Supreme Court Says Hindu Divorce Law Breaks Homes
Indian Supreme Court has slammed the Hindu Marriage Act (HMA), saying its divorce provisions are only breaking homes.
The court commented sarcastically Tuesday that nowadays, divorce petitions were being prepared even before the nuptial knot had been tied.
"When a marriage takes place, the respective spouses keep a divorce petition ready, anticipating a breakdown,” Justices Arijit Pasayat and GS Singhvi said, hearing a case where a couple is fighting for the custody of their 11-year-old son.
'Ego should get dissolved for the sake of the child,' the bench remarked even as the separated parents tried to air their views.
The apex court told the separated couple that it was more concerned about the welfare of the child, rather than the recrimination between the couple.
'Ultimately the child suffers. If it is a girl, the trauma is more, particularly at the time of the marriage of such children,' Justice Pasayat, speaking for the bench observed.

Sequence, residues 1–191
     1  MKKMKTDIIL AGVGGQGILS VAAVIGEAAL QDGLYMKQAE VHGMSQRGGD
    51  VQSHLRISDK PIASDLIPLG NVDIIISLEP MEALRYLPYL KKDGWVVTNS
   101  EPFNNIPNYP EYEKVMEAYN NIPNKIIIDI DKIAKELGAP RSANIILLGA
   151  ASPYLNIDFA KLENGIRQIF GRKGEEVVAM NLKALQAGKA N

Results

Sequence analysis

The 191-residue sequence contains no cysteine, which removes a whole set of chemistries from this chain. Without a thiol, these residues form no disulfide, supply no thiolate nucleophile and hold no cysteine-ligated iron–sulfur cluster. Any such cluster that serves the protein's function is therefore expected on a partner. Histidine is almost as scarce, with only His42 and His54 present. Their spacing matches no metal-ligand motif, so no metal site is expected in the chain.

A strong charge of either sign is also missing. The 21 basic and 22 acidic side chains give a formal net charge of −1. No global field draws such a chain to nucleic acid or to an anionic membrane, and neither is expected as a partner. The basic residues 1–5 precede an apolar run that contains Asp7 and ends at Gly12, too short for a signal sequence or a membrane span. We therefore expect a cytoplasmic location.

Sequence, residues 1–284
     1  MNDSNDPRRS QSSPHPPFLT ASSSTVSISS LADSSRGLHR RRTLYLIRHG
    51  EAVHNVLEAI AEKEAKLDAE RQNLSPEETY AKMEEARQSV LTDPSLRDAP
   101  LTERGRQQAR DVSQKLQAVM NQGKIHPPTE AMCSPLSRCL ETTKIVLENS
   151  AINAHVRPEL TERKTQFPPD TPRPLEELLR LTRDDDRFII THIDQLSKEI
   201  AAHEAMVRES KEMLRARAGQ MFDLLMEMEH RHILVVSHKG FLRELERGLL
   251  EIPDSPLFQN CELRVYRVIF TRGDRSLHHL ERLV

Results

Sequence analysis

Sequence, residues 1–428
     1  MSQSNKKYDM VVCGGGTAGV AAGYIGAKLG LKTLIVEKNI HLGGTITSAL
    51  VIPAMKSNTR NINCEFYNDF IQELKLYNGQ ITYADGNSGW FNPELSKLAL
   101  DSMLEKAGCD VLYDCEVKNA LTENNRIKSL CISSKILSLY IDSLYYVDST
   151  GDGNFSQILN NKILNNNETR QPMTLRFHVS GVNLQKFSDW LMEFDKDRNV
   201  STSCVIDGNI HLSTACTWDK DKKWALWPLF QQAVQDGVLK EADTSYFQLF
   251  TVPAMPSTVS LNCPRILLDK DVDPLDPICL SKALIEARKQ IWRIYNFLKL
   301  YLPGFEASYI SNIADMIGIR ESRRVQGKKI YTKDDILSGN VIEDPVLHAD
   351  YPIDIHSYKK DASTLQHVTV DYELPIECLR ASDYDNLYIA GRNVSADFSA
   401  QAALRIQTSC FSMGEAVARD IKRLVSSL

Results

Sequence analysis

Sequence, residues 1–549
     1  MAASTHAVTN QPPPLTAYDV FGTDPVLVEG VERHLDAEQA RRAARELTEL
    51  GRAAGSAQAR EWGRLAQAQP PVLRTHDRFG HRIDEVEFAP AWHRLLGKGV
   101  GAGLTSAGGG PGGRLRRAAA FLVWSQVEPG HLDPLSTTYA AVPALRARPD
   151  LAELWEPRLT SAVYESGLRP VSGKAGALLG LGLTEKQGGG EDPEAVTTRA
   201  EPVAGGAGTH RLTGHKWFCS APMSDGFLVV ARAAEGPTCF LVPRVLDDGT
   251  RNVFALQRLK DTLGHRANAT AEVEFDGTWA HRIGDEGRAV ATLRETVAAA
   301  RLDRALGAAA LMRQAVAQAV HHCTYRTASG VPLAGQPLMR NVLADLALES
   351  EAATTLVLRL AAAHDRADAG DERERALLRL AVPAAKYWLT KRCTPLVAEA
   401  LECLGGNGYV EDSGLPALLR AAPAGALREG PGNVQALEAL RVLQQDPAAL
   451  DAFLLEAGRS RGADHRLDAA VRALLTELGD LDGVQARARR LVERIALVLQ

The court was commenting on provisions like insanity and leprosy, which are grounds for divorce under the HMA. “Our grandparents also suffered from mental illness. But spouses never parted company... The effort was to save the home,” Justice Pasayat said.
The concept of divorce has been traditionally alien to Hindu marriage. But in 1955, parliament enacted the HMA, allowing divorce. Either spouse may seek dissolution of marriage on grounds of infidelity, cruelty, desertion and conversion, or if the other party has renounced the world, suffers from a mental illness, incurable leprosy or communicable venereal disease, Hindustan Times reports.
Divorce is allowed by mutual consent, or if a spouse has been thought to be dead for seven years.
While the blunt-speaking Pasayat is known for his relatively conservative views, Law Commission member Tahir Mahmood seemed to agree with the court’s views.
“The law doesn’t conform to the ethos of Hindus. We don’t expect Hindu men or women to charge their spouses with cruelty and seek divorce. Also, the law has certain shortcomings... like, the word cruelty has not been defined,” he said.
Liberal judicial interpretations of the HMA is contributing to increasing divorces in India, Mahmood asserted.